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No Regulatory Exemption for Gene-Edited Products in EU 

The European Court of Justice has decided that organisms made with precision techniques such as CRISPR will be subject to the same rules as transgenic plants or animals.

Jul 25, 2018
Catherine Offord

Crops and other products made using gene-editing techniques should be subject to the same regulatory oversight as organisms developed with other genetic-engineering methods, according to a ruling by the European Court of Justice today (July 25). In a setback for the biotech industry, judges have decided that foods and other products created by tools such as CRISPR must go through safety and labeling checks that were designed for genetically modified organisms (GMOs) created by traditional transgenic approaches.

The decision “would appear to cause all new genome edited organisms to be regulated as if they were derived from classical ‘GM’ or transgenic methods as developed in the 1980s,” Denis Murphy, a professor of biotechnology at the University of South Wales, tells the BBC. He adds that “this will potentially impose highly onerous burdens on the use of genome editing both in agriculture and even in medicine, where the method has recently shown great promise for improving human health and well being.”

See “EU Advisor Recommends Regulatory Exemption for Gene Editing

The debate about whether or not to include gene editing under the EU’s regulatory framework for GMOs was triggered back in 2016, when farmers and environmentalists in France called for clarification on the working definition of genetic modification. Until now, GMOs created by older techniques have been governed by a 2001 directive, but the rules surrounding the products of gene editing have been fuzzy.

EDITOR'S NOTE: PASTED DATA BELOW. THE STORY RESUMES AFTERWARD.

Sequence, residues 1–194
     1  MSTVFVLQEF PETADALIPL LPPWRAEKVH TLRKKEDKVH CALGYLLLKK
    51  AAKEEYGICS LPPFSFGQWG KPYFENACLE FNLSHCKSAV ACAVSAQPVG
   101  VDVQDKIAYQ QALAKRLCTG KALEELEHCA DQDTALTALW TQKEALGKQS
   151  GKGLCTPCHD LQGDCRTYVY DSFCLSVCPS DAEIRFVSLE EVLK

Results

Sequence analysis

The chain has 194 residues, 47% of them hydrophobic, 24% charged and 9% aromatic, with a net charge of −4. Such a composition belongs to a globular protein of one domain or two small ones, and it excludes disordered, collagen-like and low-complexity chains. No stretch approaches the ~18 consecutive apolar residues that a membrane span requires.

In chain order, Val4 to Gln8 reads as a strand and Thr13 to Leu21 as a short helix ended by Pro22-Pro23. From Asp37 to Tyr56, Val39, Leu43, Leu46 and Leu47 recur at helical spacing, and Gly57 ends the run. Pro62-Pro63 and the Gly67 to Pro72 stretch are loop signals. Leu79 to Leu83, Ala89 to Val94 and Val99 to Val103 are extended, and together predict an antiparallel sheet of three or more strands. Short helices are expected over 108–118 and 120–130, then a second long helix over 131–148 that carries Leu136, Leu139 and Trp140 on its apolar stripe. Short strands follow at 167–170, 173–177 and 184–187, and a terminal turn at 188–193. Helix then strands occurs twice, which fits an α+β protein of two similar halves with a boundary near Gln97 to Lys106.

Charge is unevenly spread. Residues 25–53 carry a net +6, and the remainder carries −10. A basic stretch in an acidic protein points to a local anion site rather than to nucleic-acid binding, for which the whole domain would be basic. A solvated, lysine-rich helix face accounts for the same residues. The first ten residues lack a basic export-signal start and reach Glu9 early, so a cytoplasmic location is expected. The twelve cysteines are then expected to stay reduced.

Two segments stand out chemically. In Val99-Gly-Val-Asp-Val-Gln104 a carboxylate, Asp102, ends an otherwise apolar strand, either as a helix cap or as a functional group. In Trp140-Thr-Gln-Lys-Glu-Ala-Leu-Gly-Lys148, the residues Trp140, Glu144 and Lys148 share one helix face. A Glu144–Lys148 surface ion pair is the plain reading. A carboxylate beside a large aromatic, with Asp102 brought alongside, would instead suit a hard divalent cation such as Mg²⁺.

In an opinion published earlier this year, European court advisor Michal Bobek argued that gene-editing tools such as CRISPR, which modify an organism’s DNA directly, are fundamentally different from transgenic techniques, which involve the insertion of foreign genetic material. Products made by gene editing should therefore not be included under the GMO umbrella unless they also contain transgenic material, he wrote.

The proposal met fierce resistance from some researchers and environmentalist groups who argued that gene-editing techniques carry their own risks, and should be subject to the same careful checks as any other genetically engineered organism. 

Those groups responded positively to today’s decision. “Releasing these new GMOs into the environment without proper safety measures is illegal and irresponsible,” Greenpeace EU’s food policy director Franziska Achterberg tells The Guardian, “particularly given that gene editing can lead to unintended side effects. The European commission and European governments must now ensure that all new GMOs are fully tested and labelled, and that any field trials are brought under GMO rules.”

Researchers working in biotechnology have taken a less rosy view. The ruling is “tremendously disappointing,” Nigel Halford, a crop geneticist at the UK’s Rothamsted Research in Harpenden, tells Nature. “It’s a real hit to the head.” He adds that although gene-editing tools will still be used to develop crops, there will be less motivation for European companies to develop the organisms. “They are not going to invest in a technology they see not having any commercial application.” 

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